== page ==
HOW PERSONALITY IS PROJECTED INTO HANDWRITING



Next to a photograph of a person, a piece of handwriting provides the most intimate memento of another individual. Whether it is hurriedly scrawled as a note of self-reminder, a letter, or other document, a person’s penmanship is recognized as displaying in graphic form his innermost attitudes, intelligence, and sociability, as well as his integrity, aptitudes, and innermost tendencies.

 

An obscure awareness of this is no doubt a significant factor underlying the collecting of autographs of celebrated personalities. Such beliefs that handwriting reveal the writer’s personality have been shown to be warranted by accumulation of a considerable body of evidence over the last hundred years, although pioneers in graphology were building detailed methods as early as the seventeenth century in Europe.

 

As much of our culture has emerged from Mother Europe, so the roots of science, psychology, and graphology lie deep in the European heritage. Since its practice was first refined there, it is no surprise that handwriting analysis enjoys wide application in many European countries and is recognized officially through its broad use in education and business, in psyche-diagnosis and therapy, and as an aid in the diagnosis of certain medical conditions including speech defects, cancer, and heart disease.



In the United States, handwriting analysis is seen as somewhat less important than in Europe. This is due in part to the fact that we tend to be very demanding of rigid statistical documentation, thinking that if enough mathematical data can be manipulated by researchers that some new fact will be revealed scientifically. It has only been within the last twenty years or so that Americans are beginning to realize that there is a body of knowledge and awareness which cannot be defined through statistical operations. This rather abrupt change in our culture signals the growing importance of the entire humanistic movement in psychology and our increasing interest in the area of inner experience and self-awareness.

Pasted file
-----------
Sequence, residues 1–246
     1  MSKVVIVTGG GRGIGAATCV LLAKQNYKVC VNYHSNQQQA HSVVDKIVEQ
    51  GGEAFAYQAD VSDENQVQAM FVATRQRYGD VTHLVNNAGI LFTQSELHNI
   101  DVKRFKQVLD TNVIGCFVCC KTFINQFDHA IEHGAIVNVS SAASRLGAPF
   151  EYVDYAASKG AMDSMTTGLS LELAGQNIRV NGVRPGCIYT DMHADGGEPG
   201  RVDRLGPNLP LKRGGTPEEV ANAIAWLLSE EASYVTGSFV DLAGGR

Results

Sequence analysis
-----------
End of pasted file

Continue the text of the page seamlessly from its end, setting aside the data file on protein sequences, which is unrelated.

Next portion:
These have long been characteristics of oriental cultures and only recently have they been brought to the fore in the United States through various methods of meditation, the use of certain drugs, or the particularly scientific approach to increased inner-awareness, biofeedback techniques. Only in America would an approach be taken to expand awareness by fastening electrodes to our bodies and monitoring ourselves on elaborate electronic equipment. The oriental simply sits quietly and experiences himself.

 

What this means is that, while in other countries handwriting analysis has been accepted on an empirical basis and its methods gradually refined and verified through subsequent practice, it seems that many in America have placed the cart before the horse, scientifically, and attempt to use statistics to “prove” principles that have been known and accepted for a century before giving them any credibility whatever.

 

This has accounted for the retarded progress of graphology in this country, as compared to Europe, though the last several decades have shown great strides being made in the United States in both the theoretical foundation and the practical applications of handwriting analysis.



One of the most important contributors to the acknowledgment of handwriting as a significant manifestation of personality, has been the noted Harvard psychologist, Dr. Gordon W. Allport. Dr. Allport and his students approached the study of human kind from the standpoint of the individual.

 

They found that expressive activities are highly organized and well patterned, and that such movements convey important information about the individual’s inner character. Through his far-reaching studies of expressive movement, Allport determined that handwriting provides a means of ready access to important sources of motivation and conflict in the individual.



Children’s scribbles reveal a considerable amount of information about intellectual development, social adjustment, and their self-concepts long before they are able to draw the letters of the alphabet. The expressions of personality are found in spontaneous graphic gestures that emerge and develop quite apart from the learning of any alphabet. The natural expression of the developing graphic forms will be incorporated into the writing of words.